Novel material converts toxic pollutant into valuable chemicals

An international team of researchers, led by scientists from the University of Manchester, has successfully developed a metal-organic framework (MOF) material that can capture nitrogen dioxide (NO2), a toxic air pollutant resulting from the use of diesel and bio-fuel, converting it into nitric acid, a valuable chemical primarily used in agricultural fertilizers, nylon, and rocket propellant. The researchers employed neutron scattering and synchrotron X-ray diffraction at the Department of Energy’s Oak Ridge National Laboratory and Berkeley National Laboratory, respectively, while making the MOF. The National Service for Electron Paramagnetic Resonance Spectroscopy at Manchester was also applied to understand the underlying mechanism of the adsorption of NO2 in the new material, named MFM-520. The team’s work has been described in the journal Nature Chemistry.

The newly-developed technology might aid air pollution control and help reduce the negative impact of the chemical on the environment. MFM-520 can capture NO2 at ambient temperatures and pressures, even during flow and at low concentrations, with sufficient moisture, carbon dioxide, and sulfur dioxide in its surroundings. Even though the pollutant is highly reactive, the material was able to undergo complete regeneration several times through degassing or upon being treated with water in the air, a process that can also be used to convert nitrogen dioxide into nitric acid. The lead author of the study, Dr. Sihai Yang, Senior Lecturer, Department of Chemistry, the University of Manchester, says that the material is the first MOF that has been able to both capture and turn a toxic and gaseous air pollutant into a valuable compound for industrial use, adding that the highest rate of NO2 uptake by this MOF happens at approximately 45 degrees Centigrade, which is nearly the temperature of automobile exhausts.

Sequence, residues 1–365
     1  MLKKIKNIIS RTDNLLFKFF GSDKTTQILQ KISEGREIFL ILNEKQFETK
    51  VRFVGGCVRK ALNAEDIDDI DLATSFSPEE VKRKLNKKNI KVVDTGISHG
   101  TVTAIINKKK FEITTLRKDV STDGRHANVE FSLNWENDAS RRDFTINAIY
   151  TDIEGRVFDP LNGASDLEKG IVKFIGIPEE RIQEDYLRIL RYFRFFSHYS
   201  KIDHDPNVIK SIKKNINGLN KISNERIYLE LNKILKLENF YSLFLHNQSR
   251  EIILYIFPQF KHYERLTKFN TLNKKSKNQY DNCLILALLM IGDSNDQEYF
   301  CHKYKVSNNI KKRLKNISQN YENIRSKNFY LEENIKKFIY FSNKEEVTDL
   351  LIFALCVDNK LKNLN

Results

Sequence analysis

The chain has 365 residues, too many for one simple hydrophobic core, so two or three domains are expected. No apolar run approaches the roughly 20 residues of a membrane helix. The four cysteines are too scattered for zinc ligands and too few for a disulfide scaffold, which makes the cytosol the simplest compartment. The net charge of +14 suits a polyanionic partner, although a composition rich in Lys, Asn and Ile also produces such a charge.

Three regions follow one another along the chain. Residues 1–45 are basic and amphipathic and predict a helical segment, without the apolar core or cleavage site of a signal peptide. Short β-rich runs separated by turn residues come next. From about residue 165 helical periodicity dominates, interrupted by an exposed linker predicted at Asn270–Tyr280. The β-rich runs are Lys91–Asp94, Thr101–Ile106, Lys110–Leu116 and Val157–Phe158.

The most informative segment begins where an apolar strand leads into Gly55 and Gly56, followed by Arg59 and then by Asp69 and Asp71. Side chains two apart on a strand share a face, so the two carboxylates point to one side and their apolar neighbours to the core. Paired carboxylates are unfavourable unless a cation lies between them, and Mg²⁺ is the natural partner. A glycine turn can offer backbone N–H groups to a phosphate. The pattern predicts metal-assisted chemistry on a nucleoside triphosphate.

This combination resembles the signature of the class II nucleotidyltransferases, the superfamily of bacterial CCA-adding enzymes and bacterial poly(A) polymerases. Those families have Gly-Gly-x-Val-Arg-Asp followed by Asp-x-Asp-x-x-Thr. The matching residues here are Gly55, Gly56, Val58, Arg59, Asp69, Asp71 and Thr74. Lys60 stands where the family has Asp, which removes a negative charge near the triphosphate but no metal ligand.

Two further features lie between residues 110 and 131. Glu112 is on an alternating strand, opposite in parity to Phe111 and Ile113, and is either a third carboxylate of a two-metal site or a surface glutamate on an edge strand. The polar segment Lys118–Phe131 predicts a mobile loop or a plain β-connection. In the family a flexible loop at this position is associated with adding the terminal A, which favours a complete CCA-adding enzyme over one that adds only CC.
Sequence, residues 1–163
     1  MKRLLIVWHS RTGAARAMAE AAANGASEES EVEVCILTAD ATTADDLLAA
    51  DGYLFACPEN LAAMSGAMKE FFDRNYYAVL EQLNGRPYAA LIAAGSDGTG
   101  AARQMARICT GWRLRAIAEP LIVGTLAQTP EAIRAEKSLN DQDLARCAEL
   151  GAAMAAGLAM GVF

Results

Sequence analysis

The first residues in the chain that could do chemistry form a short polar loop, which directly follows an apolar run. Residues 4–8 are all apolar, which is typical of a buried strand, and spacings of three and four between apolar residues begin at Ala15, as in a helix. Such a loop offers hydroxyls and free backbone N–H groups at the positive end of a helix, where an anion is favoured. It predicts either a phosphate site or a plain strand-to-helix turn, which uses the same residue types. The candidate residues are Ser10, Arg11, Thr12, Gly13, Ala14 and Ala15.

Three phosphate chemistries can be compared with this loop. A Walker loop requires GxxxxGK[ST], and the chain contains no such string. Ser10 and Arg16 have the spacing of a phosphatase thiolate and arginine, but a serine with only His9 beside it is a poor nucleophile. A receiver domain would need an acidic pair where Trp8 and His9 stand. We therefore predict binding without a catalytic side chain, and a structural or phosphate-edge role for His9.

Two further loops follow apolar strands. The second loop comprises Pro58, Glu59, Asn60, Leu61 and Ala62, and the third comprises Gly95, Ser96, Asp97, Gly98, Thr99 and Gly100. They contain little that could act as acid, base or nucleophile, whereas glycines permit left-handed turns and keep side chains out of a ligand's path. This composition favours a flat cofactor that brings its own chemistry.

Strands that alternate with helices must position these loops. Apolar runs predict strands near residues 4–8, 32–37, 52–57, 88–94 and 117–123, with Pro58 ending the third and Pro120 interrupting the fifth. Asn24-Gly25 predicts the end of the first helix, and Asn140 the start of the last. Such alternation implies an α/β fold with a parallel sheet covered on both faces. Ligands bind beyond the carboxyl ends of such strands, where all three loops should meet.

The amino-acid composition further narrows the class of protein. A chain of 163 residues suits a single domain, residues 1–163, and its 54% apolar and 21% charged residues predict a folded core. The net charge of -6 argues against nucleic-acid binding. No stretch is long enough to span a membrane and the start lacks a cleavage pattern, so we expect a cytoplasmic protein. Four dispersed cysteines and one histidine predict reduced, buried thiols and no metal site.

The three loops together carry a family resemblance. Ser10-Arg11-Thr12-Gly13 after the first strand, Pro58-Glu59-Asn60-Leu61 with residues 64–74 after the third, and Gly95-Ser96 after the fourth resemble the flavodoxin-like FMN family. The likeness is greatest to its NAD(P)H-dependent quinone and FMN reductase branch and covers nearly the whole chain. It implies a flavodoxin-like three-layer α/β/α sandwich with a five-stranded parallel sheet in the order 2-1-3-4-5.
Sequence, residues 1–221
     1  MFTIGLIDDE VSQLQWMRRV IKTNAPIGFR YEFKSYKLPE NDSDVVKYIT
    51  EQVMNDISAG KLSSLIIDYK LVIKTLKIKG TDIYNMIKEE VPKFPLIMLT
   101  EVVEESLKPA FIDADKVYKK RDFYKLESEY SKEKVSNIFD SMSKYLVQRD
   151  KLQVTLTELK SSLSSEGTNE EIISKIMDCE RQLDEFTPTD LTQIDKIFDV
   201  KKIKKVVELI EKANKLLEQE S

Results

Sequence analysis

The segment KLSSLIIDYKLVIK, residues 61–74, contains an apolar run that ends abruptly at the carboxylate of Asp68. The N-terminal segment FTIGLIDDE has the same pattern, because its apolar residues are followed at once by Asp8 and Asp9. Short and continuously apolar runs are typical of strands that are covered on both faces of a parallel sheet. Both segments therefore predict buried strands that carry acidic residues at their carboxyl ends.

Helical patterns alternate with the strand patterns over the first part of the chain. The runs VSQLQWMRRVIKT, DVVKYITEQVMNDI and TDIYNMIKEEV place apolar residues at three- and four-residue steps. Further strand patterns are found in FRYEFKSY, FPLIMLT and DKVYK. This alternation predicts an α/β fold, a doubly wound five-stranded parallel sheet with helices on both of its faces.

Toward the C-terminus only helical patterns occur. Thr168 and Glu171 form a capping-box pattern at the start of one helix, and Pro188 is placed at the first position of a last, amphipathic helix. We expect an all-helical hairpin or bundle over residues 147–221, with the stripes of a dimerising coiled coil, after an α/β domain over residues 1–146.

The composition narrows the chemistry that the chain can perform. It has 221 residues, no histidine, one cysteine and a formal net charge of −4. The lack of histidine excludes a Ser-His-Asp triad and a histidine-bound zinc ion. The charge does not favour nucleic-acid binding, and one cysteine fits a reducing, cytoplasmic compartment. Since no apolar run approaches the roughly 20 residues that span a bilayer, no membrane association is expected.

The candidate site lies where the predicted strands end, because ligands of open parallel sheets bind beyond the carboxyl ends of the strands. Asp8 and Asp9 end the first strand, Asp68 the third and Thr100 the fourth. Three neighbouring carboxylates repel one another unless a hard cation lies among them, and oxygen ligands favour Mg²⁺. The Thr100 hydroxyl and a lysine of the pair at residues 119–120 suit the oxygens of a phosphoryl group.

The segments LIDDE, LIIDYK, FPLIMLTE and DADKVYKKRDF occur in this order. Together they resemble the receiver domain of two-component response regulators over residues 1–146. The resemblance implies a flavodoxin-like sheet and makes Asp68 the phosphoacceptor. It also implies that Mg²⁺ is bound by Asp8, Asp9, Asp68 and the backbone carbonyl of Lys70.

For the study, the team used neutron spectroscopy and computational techniques at Oak Ridge National Laboratory to accurately decipher the way that the material captures NO2 molecules. A lead author of the study, Martin Schröder, Professor and Vice-President and Dean, Faculty of Science and Engineering, the University of Manchester, says that the Global Nitric Acid Market was valued at about $2.5 billion in 2016. This will create a massive potential for producers of their MOF technology to recover the cost and profit of the resulting nitric acid production, mainly because the additives required in the process are only water and air, adds Professor Schröder.

Liam Turdue

Liam is a journalism graduate who spent his intern years at a publishing house in New York. Liam soon landed a job as a sub-editor at the same company. Subsequently he teamed up with his college friends to set up a media site of his own – Adrian manages the entire editorial cycle and provides guidance to the entire team of contributors and authors.

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